If you have ever reached the final table while playing in a poker tournament, you are doing something right. The strategy for final table play is quite different from the proper procedure for playing at previous points during the tournament. The most crucial factor in deciding your final table strategy is your stack size. At that point, you might enter the final table with a short stack, an average stack, or as the chip leader. Now that you have reached the final table, you’re likely to run into more skilled players.
Evaluate the Competition
Since several players leave before they reach the final table, you will have a pretty good idea about the remaining players. Your initial goal at the final table is to develop an opinion about their particular play-styles. You should use note-taking to record your thoughts and go back to them later. Ensure you note if they tend to limp or fold, steal in a later position, defend blinds, or get an all-in preflop. That information comes in handy in the final stages of a tournament when you make crucial decisions.
Short Stack at Final Table
You should consider stacks that have about ten big blinds for a short stack. The blinds and antes are significant and place pressure on your stack; therefore, short stacks should take a more aggressive approach with an all-in or fold to survive. Short stacks should be opening pots with an all-in raise if you have two face cards or a pocket pair. If someone raises the pool, you should call your entire stack off if you have a high pair or two high face cards. You might win the pot uncontested; however, if you call an all-in, you will be forced into a showdown no matter what. Short stacks are desperate and might call your steal with a marginal hand. Moreover, the stacks may have enough chips to call with a weak hand to try and knock you out. Average stacks will try to advance in the pay scale. They are the most likely ones to fold when you make a steal attempt.
Average Stack at Final Table
Average stacks are freer to operate than short stacks since they are not in all-in or fold mode. You should consider any stack from 15 to 40 big blinds to be an average stack. Although those players are not short-stacked, they have to be quite aggressive to fight against the increasing blinds and the antes. At that point, you can use a few other strategies like squeezing, calling bluffs, and re-stealing so you can build up your stack and continue to advance in the tourney. For a squeeze play, you should wait until you’re in a late position and an early position player raises. If others smooth call the raise, you can put in a large re-raise if you have a decent hand. If you think a short stack has pushed all-in with a weak hand, you can call him down if your hand is better. If a short stack goes all-in, you should call with a medium-big pocket pair if you think they are desperate. If a player continually steals your blinds, you can re-raise to keep him honest. That is re-stealing.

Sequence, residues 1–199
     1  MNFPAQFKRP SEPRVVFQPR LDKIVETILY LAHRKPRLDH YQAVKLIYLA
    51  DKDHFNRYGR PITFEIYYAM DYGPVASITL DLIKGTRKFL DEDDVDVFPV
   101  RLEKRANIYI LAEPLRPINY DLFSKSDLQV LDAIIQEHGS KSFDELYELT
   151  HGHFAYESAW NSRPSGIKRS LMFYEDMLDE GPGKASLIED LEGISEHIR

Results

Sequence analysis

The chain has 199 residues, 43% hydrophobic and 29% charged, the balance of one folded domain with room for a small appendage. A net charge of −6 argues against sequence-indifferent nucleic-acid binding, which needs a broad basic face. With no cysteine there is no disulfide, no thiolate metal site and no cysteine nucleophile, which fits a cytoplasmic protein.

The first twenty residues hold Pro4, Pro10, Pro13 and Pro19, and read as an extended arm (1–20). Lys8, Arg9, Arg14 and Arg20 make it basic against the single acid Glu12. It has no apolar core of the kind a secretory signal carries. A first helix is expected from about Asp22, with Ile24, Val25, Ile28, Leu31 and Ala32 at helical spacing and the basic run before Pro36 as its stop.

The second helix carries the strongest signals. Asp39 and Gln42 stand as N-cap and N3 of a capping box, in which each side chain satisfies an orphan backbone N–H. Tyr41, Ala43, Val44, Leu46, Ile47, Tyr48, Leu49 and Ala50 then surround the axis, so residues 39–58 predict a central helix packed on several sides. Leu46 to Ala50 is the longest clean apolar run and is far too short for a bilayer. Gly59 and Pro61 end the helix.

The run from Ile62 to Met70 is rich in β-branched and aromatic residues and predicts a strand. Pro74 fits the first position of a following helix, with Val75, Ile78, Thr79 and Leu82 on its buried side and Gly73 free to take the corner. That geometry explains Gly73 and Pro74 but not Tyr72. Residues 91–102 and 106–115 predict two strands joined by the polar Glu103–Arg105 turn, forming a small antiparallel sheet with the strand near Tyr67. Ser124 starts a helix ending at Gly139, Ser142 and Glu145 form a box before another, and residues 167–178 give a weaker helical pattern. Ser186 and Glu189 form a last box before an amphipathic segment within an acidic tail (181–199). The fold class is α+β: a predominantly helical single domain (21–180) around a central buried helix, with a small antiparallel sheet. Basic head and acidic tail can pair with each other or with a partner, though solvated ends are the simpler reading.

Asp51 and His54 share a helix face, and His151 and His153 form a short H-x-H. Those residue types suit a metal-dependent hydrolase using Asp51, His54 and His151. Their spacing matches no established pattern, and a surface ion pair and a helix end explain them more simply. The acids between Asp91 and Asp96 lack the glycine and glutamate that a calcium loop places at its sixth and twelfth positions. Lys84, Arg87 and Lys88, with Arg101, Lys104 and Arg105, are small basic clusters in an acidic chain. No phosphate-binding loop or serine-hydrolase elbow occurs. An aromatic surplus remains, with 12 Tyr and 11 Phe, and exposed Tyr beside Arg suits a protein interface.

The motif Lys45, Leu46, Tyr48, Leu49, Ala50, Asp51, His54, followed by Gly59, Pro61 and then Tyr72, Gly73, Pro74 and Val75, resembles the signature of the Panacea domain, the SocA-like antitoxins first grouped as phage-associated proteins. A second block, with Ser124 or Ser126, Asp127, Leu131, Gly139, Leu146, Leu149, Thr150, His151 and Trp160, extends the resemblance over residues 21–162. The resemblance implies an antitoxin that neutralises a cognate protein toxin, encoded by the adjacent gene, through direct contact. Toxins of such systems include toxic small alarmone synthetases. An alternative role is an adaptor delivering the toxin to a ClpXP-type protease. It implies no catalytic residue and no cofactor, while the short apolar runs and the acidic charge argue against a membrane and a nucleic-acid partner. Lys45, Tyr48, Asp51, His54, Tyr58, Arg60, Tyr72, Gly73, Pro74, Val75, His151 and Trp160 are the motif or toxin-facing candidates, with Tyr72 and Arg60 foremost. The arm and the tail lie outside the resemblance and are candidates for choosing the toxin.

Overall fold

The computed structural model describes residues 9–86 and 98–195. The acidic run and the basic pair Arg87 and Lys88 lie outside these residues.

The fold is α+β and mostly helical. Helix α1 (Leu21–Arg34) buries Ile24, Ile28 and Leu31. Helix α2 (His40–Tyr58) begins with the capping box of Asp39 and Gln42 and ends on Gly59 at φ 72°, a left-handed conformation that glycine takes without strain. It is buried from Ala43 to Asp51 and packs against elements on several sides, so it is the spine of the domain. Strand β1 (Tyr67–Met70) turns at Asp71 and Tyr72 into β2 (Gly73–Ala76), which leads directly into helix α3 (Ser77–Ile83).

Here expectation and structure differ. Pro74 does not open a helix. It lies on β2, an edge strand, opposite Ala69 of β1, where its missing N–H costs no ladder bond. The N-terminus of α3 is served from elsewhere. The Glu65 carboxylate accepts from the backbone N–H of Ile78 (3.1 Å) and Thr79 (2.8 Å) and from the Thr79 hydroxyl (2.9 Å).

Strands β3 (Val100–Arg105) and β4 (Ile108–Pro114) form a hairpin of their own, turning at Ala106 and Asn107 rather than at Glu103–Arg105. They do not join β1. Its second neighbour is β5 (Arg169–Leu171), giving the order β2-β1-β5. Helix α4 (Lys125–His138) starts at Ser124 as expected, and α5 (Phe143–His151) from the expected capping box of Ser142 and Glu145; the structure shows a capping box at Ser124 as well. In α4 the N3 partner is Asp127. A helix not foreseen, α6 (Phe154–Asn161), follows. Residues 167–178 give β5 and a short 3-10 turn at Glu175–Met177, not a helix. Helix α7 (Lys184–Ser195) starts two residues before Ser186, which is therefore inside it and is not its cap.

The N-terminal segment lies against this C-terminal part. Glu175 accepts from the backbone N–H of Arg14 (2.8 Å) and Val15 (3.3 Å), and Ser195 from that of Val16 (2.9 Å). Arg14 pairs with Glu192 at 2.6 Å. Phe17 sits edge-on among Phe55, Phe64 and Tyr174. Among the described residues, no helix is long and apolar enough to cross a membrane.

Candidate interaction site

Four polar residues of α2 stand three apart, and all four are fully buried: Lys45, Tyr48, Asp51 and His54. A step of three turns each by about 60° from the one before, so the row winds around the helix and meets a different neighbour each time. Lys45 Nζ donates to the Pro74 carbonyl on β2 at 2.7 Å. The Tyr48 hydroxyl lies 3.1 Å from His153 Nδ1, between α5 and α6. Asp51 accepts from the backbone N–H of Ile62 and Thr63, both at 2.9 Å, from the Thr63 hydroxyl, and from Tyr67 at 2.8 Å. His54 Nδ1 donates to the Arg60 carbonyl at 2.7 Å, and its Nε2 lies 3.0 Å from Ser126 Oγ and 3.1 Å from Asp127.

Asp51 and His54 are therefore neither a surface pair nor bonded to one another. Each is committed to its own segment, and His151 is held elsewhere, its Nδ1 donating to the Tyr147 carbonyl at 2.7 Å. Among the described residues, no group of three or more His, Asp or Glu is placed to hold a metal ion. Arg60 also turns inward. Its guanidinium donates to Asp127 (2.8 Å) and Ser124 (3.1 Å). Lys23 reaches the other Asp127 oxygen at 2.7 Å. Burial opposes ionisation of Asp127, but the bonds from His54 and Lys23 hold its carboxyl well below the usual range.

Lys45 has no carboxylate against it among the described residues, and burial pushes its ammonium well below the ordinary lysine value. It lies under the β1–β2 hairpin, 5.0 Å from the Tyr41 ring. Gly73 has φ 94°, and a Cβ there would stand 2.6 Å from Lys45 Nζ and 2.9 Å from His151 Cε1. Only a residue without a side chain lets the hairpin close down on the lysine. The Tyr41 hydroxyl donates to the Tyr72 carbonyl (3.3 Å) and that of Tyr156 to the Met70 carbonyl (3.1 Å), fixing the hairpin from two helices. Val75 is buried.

Big Stack at Final Table
Big stacks take the game to a higher level. You should play aggressively to knock out your opponents so you can win more chips. If you manage to amass a sizeable chip lead when you reach four or five-handed, you can become a favourite to win the tournament overall. An aggressive strategy is best for players who want to win the competition and are ok with a lower finish if things don’t go their way. If you need to guarantee a top-three finish, go ahead and play more conservatively while the short stacks knock each other out. You’ll have less chance of winning the tournament; however, you should be able to reach the top three prizes.
Seizing Control & Final Table Aggressive Strategy
Imagine you want to take that first prize and a decent chunk of change down. You have a healthy stack of chips and don’t mind taking some chances. The first step is to spot players who aren’t going to defend their blinds. If they come over the top of you, you’ll know it’s time to get out. The key to winning is a position and power over your opponents, and that is magnified even more at the final table. If you have a chip advantage on the blinds, you can try to run over them from a late position with any suited cards, face cards, any pair, or whatever else makes you feel comfortable.
Those types of players might be too timid even to call you, and if they do, you still stand a chance to win. Besides, they aren’t going to take a sizable chunk out of your stack. With some luck and the right timing, you will knock out a few players and win all the chips. It’s better to take that risk than miss the opportunity to dominate timid players. Next time your A to K flush gets beaten all-in against five or six, remember the Big Slick is still only a drawing hand. You aren’t an overwhelming favourite against two live cards. It usually only comes down to whoever pairs one of their hole cards. If you are short-stacked, suited connectors can be an excellent hand to put pressure on opponents.
Mental toughness is crucial to playing your best in any poker situation. Mental toughness is particularly vital when you face problems during play, obstacles, intense adversity, or failure at the poker table. Having mental toughness will help you play more consistently, regardless of any challenges at the poker table.